Spanning the Globe - This month, we catch up on major developments around the world and their implications for the contract services industry. - BioPharm International


Spanning the Globe
This month, we catch up on major developments around the world and their implications for the contract services industry.

BioPharm International
Volume 23, Issue 8


CMOs and CROs in China usually have been thought of as having labor cost advantages relative to US and European providers. However, a variety of factors appear to be pushing labor costs up in China, including industrial actions by Chinese workers; moves to increase the minimum wage and enforce tougher labor, worker safety, and environmental laws; the high cost of living in major cities like Beijing and Shanghai; and labor shortages across the country.

The rising wages are being accompanied by an appreciation of China's currency, the renminbi, as the Chinese government looks to drive production growth for domestic consumption and control inflation.

European and North American service and materials providers will be inclined to welcome the rising costs in China, because it will improve their cost position relative to their competitors in China. A 25% increase in labor costs, combined with a 10% appreciation in the renminbi, would raise the cost of sourcing in China by 25–35%. European providers may get an even bigger gain in competitiveness in light of the rapid devaluation of the Euro and British Pound. After adding in the additional costs of managing long-distance sourcing relationships, bio/pharmaceutical companies will see the cost advantages of sourcing from China narrow and may stick with more local providers.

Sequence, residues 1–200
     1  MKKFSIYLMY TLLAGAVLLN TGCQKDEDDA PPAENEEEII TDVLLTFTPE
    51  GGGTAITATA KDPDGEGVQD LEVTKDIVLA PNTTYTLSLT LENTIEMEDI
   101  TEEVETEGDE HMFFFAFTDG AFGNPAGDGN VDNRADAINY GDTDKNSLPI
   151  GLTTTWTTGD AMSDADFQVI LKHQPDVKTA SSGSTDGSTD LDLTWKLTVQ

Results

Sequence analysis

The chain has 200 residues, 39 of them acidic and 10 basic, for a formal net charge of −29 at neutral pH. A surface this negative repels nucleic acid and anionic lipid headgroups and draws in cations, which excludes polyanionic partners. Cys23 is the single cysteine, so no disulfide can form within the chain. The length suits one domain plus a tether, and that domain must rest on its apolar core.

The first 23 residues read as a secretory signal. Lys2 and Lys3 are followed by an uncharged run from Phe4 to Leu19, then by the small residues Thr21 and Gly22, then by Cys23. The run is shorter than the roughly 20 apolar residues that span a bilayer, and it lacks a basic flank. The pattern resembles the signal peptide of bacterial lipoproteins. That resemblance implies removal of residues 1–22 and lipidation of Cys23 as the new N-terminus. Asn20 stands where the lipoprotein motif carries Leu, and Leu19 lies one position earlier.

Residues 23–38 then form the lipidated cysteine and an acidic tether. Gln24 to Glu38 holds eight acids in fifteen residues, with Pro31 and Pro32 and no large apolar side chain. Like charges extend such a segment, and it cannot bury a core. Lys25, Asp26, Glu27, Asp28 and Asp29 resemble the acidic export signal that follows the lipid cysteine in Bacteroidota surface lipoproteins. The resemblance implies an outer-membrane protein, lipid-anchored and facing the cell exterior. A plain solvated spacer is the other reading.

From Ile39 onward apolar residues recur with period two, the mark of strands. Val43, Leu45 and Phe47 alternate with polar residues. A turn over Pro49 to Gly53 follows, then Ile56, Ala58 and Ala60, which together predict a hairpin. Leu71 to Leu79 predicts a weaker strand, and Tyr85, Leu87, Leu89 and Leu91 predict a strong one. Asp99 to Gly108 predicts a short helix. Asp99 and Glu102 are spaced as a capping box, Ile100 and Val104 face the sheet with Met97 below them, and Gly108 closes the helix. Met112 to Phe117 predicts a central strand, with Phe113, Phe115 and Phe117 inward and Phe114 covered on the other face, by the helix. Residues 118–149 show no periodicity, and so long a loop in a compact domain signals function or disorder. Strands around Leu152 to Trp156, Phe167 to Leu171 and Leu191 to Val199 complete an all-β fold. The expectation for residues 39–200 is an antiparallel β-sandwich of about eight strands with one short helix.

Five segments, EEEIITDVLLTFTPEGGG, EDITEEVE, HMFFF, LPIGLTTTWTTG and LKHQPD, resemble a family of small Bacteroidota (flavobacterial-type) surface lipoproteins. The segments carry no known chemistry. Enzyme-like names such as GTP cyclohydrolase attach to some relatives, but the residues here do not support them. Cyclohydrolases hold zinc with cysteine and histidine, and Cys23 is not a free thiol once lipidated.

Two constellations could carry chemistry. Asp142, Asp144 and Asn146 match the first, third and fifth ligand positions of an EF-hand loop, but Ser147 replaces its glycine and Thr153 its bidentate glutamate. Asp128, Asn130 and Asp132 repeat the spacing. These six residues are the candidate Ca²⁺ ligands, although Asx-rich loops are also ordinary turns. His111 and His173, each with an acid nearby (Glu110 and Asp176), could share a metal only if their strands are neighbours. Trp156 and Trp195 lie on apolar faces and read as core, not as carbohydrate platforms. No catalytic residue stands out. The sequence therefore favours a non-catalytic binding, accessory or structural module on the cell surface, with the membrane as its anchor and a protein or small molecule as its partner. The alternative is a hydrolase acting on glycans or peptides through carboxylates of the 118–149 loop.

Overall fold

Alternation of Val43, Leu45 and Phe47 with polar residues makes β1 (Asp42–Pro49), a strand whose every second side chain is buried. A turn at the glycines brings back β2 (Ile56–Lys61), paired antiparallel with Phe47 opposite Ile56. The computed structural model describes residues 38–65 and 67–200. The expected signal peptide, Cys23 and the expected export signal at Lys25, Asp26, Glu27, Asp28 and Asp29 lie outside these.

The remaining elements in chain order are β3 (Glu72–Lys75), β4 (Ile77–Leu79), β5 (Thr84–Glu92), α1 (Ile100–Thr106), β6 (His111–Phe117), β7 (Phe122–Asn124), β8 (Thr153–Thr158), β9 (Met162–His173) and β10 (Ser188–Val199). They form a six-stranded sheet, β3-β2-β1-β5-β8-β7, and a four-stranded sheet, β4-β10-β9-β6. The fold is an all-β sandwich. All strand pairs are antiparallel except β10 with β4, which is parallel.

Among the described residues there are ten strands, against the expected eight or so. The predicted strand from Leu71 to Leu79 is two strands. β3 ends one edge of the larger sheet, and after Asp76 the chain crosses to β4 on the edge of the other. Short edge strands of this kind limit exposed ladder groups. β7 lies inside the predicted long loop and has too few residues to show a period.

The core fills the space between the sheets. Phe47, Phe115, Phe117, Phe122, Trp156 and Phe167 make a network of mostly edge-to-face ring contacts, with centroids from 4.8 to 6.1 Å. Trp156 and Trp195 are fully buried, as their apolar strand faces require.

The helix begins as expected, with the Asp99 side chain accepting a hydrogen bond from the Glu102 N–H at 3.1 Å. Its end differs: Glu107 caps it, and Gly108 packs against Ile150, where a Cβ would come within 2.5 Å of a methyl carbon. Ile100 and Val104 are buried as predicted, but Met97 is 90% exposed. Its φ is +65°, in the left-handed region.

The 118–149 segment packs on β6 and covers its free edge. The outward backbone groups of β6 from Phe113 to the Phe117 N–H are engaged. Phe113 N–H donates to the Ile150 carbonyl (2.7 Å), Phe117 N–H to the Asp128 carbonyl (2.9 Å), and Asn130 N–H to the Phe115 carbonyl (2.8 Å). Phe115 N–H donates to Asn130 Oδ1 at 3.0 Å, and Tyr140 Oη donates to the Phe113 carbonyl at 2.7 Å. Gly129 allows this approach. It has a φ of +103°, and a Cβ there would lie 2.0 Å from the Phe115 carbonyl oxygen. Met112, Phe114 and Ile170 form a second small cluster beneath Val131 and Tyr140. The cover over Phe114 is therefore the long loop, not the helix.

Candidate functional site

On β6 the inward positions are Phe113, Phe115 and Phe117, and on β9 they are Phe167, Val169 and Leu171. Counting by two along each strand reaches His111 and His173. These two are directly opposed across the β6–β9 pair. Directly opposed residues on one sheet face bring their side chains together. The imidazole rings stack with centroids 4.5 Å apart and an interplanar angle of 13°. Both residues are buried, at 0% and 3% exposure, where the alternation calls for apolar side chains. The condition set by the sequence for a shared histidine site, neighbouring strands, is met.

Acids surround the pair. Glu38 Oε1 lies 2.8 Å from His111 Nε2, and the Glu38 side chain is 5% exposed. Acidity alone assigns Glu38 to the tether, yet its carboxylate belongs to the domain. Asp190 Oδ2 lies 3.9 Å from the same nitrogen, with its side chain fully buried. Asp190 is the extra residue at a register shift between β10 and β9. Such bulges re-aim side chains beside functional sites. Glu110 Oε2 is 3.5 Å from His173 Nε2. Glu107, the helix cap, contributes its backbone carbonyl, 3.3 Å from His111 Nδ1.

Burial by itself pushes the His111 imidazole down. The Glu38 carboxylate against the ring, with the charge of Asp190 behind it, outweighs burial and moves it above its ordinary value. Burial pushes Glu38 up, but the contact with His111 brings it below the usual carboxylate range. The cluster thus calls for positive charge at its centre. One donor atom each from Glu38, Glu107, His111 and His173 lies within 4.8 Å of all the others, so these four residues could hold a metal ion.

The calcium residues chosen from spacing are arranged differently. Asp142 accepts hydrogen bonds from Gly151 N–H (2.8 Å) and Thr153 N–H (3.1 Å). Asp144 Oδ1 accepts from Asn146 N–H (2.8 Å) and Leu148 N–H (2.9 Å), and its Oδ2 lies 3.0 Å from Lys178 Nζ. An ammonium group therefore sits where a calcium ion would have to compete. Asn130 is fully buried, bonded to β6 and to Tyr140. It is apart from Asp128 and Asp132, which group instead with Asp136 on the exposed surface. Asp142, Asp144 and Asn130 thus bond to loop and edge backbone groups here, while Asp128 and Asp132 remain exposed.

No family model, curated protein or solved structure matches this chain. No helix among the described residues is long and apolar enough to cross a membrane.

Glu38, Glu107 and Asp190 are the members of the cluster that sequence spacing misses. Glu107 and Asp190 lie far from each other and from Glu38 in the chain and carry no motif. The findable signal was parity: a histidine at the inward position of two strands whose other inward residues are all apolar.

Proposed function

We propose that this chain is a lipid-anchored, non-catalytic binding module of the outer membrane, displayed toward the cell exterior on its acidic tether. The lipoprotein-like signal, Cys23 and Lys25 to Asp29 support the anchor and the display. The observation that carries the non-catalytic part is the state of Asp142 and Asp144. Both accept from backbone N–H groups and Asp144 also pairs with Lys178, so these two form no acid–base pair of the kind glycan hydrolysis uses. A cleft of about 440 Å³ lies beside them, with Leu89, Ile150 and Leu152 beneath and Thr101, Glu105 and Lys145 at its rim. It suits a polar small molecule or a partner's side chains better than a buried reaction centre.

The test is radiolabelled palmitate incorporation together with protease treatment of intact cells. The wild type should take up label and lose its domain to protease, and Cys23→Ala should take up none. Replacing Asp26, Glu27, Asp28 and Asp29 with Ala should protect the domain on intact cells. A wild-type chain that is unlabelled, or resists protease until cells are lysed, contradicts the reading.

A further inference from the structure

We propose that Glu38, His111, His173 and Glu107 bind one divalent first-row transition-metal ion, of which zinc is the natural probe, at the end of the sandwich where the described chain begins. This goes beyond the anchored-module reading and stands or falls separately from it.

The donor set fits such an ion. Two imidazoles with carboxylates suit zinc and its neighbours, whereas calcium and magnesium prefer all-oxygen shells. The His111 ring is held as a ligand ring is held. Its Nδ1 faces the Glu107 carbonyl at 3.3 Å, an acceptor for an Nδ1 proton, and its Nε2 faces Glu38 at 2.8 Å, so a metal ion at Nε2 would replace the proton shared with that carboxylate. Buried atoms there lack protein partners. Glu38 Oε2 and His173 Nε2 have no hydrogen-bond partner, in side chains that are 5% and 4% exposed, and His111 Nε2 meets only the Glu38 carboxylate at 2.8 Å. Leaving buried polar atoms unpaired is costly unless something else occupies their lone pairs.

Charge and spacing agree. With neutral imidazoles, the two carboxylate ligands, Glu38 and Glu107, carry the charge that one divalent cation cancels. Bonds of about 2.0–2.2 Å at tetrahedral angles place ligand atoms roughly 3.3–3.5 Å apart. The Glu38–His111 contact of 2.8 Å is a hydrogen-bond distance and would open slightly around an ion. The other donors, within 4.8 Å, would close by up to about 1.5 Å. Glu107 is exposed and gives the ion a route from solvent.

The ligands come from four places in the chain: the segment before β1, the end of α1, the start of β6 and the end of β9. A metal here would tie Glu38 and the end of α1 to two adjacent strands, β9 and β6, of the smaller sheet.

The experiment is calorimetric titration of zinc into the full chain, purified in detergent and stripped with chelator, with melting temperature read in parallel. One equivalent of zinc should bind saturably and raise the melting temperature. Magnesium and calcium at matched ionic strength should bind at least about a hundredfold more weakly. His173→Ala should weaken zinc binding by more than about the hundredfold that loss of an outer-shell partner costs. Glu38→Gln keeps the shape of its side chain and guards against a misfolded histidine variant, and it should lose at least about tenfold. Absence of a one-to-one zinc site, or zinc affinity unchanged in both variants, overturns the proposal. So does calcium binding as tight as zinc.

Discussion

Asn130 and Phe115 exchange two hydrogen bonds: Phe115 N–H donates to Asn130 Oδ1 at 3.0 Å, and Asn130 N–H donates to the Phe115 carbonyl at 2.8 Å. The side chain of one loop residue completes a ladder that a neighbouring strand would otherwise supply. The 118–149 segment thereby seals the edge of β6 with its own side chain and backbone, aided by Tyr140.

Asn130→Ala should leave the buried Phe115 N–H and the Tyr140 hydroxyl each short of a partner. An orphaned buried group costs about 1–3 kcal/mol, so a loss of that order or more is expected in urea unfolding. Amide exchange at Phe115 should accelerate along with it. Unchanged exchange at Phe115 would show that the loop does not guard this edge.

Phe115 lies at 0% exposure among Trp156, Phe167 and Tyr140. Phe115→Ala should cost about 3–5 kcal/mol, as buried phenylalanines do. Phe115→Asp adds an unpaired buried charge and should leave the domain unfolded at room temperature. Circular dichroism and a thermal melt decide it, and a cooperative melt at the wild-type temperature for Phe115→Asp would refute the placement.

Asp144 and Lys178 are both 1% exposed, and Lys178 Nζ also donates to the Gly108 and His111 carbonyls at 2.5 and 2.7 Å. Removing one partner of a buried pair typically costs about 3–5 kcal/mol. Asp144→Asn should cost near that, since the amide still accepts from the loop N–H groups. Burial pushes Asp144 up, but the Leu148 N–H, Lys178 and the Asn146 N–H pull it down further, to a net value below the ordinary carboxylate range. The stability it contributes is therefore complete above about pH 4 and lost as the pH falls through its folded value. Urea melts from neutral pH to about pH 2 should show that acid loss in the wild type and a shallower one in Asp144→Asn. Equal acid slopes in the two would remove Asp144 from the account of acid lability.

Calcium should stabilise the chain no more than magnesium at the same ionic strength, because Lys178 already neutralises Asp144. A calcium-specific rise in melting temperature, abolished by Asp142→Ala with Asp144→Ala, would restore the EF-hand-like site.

The second order effects of the rising wage costs, however, may cause service providers in mature markets even more pain than they are facing today. That's because Chinese service providers and manufacturers will respond to their eroding competitive cost position in starting materials and simple chemistry by moving to higher value-added products and services such as formulation, advanced chemical intermediates, and biologics. This move to higher value-added services is exactly the strategy that North American and European companies have used to stay in business in the face of low-cost competition from the BRIC countries (Brazil, Russia, India and China). They will now be looking at lower-price competition in more sophisticated services and technologies that have been their refuge in recent years.

The rising costs aren't likely to diminish global bio/pharmaceutical companies' interest in China either. China remains the world's fastest growing major economy, and rising living standards are expected to increase demand for high-value pharmaceuticals. IMSHealth has projected that spending on drugs in China will grow 20% annually over the next five years. Bio/pharmaceutical companies will continue to be drawn to the opportunities of that rapidly-growing market.

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